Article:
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PHOTO: U.S. Reps. Herrera Beutler and Roybal-Allard Introduce Midwives for MOMS Act

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Washington, D.C., July 19, 2019 | comments
U.S. Representatives Jaime Herrera Beutler (WA-03) and Lucille Roybal-Allard (CA-40), Co-Founders of the Congressional Caucus on Maternity Care, yesterday introduced the Midwives for Maximizing Optimal Maternity Services Act. The Midwives for MOMS Act will address the growing maternity care provider shortage by establishing two new funding streams for midwifery education.
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PHOTO: U.S. Representatives Jaime Herrera Beutler (WA-03) and Lucille Roybal-Allard (CA-40), Co-Founders of the Congressional Caucus on Maternity Care, yesterday introduced the Midwives for Maximizing Optimal Maternity Services Act. The Midwives for MOMS Act will address the growing maternity care provider shortage by establishing two new funding streams for midwifery education. 

“America’s maternity care is at a crisis level with high rates of maternal and infant mortality, preterm births, and a staggering lack of prenatal care for moms,” Herrera Beutler said. “We must prioritize quality care for moms and babies in this country no matter where they live or their economic status. Midwives play a critical role in giving many moms access to high-quality maternity care. As parents and leaders in Congress, let’s rally around this legislative solution to increase the number of qualified midwives and improve health outcomes for moms and babies.”
“America’s mothers and babies deserve the best possible care, and midwives are essential to providing them with that excellent care,” Roybal-Allard said. “That is why I am so proud of our bipartisan Midwives for MOMS Act, which will expand educational opportunities for midwives. If we can expand mothers’ access to midwives’ evidence-based, holistic, and woman-centered care, we will improve maternity care outcomes for mothers and babies, and reduce maternity care costs for America’s families and for our state and local governments.”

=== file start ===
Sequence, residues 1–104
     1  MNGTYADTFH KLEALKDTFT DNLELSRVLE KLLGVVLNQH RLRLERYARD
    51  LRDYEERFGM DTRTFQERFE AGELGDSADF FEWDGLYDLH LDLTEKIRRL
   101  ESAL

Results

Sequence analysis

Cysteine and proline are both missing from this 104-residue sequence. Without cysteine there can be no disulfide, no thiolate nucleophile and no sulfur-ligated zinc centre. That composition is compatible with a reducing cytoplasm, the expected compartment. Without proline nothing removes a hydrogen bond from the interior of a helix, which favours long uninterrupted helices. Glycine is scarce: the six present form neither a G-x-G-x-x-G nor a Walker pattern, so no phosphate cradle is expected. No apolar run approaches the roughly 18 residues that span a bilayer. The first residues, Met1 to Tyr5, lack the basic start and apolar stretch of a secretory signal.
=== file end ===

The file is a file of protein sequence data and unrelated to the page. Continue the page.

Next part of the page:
“Increased federal funding for accredited midwifery education programs is crucial to growing and improving racial and ethnic representation within our nation’s maternity care workforce,” said Susan Stone, CNM, DNSc, FACNM, FAAN, President of the American College of Nurse-Midwives (ACNM). “This legislation takes important steps to help alleviate significant pressures communities and health systems are experiencing due to the shortage of trained maternal and women’s healthcare providers in high-need rural and urban areas. By improving access to full-scope midwifery care provided by nationally certified midwives we will be able to better address the significant disparities in maternal and infant health outcomes found in far too many of our communities.”

“Far too many women having babies in the United States today suffer severe complications of pregnancy and birth, including the highest rates of mortality and morbidity among high resource nations,” said Mary Lawlor, CPM, LM, MA, Executive Director of the National Association of Certified Professional Midwives. “It is unacceptable in this wealthiest of countries that black and native American mothers are dying at 3 to 4 times the rate of white women. NACPM applauds Congresswomen Roybal-Allard and Herrera Beutler for their leadership in funding midwifery education to mitigate the severe shortage of providers, contain healthcare costs, and most importantly, to improve the health and save the lives of childbearing women and their babies in our country.”